5 Tips for Marketing Grads
I had so much fun participating in the University of Denver’s Advertising Panel this past week. DU students never fail to surprise me with their outstanding passion and smarts. Every question is insightful, and the curiosity is contagious. I just hope my responses do justice in getting these bright young professionals fired up for a career in the best industry ever. Major snaps to Professor Wagz for inviting me year after year. 😊
With this semester’s panel under my belt, I thought my blog might be a good place to post a few of the tips I give these eager soon-to-be grads. So without further ado:
Five things you’re going to learn eventually, so in the interest of time, I’m just going to tell them to you right now.
#1: Yes, that does matter.
This is something someone told me before I graduated, and I’m glad that they did. Resumes matter. Details matter. And yes, typos matter. This is an industry everyone wants to get in on. It’s fun, glamorous, lucrative and full of really interesting people. For that reason, you can not allow yourself to slack. Do all the little things that make you indispensable.
#2: Everyone is creative.
Alex Bogusky one said, and I’m paraphrasing, that we have to stop seeing client comments as less valid than our own. Good creatives live by this idea. The best ideas come from collaboration, so you have to learn to work with all kinds of personalities (maintaining your professionalism at all costs). Give the client, brand manager, account team or even media team a chance to give feedback, because oftentimes it does in fact make the work better.
#3: Get over yourself. Yeah, you.
By my calculations, this industry is probably 80% narcissists. It sucks, but it’s true. It’s very personal work and people take it…well…personally. Especially creatives. You’re selling your ideas for heaven’s sake. But even the most deserving people can be overrun by their egos. I know I’ve done it many times, and the important thing is to catch yourself and learn from it. I say: stay humble. Immerse yourself in other people’s talent. Appreciate it and let it remind you that there are other talented people in the world so that you don’t get too high on yourself.
#4: Be nice.
It really is that simple. Advertising and marketing are social industries, so it’s helpful to be the person people want to have drinks with later. This goes for interviews, work, everything. Do all the little things you think wont help you, like writing thank you notes, keeping up contacts on a regular basis, remember people’s kids’ names. You get the idea.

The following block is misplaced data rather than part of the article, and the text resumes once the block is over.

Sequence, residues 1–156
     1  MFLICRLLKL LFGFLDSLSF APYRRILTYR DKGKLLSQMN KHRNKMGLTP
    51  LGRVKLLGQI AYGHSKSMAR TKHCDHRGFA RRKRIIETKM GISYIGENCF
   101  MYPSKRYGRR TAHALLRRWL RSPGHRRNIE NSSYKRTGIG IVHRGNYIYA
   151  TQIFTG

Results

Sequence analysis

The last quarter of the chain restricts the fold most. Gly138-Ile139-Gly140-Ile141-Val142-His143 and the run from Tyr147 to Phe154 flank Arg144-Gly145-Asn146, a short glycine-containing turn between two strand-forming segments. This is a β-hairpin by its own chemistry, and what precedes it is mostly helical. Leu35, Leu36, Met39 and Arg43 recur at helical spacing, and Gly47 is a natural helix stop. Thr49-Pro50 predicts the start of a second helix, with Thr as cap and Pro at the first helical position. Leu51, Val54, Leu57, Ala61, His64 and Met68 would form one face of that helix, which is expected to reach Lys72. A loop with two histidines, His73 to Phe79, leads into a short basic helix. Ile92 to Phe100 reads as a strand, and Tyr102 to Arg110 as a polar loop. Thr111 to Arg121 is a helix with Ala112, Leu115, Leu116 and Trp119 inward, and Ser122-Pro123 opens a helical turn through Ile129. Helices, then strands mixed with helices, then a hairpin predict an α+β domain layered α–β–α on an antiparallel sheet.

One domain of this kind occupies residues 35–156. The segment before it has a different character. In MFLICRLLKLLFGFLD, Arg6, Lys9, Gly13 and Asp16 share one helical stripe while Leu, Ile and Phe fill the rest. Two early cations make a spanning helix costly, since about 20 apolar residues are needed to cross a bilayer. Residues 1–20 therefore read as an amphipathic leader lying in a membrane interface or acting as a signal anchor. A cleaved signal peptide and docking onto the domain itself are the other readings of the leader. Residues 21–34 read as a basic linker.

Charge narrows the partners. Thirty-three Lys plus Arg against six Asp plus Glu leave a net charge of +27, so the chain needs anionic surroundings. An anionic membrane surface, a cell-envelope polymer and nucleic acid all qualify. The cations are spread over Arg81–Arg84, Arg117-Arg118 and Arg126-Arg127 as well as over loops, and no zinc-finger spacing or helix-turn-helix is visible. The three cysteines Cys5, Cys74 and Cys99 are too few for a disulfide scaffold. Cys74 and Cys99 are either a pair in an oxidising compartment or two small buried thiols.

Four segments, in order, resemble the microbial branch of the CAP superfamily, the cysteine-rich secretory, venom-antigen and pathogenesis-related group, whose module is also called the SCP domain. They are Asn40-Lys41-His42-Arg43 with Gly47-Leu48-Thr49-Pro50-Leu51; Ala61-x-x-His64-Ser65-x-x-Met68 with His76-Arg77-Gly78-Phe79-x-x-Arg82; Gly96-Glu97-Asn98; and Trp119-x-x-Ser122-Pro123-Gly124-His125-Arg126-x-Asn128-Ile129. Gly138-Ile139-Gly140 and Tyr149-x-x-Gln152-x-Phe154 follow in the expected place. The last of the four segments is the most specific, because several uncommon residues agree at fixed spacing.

I’m a solid creative, but I believe there are better ones out there. What many of them don’t have is kindness, which I make it my mission to deliver in spades.
#5: Trust your gut.
I like to throw this one in there to prepare students for what’s to come after they graduate. I wish I’d understood this when I came out of school, and this is much just a personal experience that I’ve learned and thought might be helpful to stress here today. In any industry, but I feel especially in marketing, there are no two companies or agencies alike. Every workplace has a completely different personality, and when you go in for interviews, you have to look at them just as much as they’re looking at you.
I have worked very happily at places for years, and I have also worked miserably for years. I knew those not-so-great places weren’t for me within the first few days of starting. I wish I had trusted my gut and left sooner — graciously and professionally, of course. With that said, you have to be careful with people and your reputation, but there is always a way out if something is not a good fit. After all, if it’s no good, they probably don’t want you there either.
Thank you for having me on the panel, everyone. And for listening to me mutter about nonsense. Hopefully there were some helpful nuggets in there too, and I wish you all the best of luck as you embark on your careers.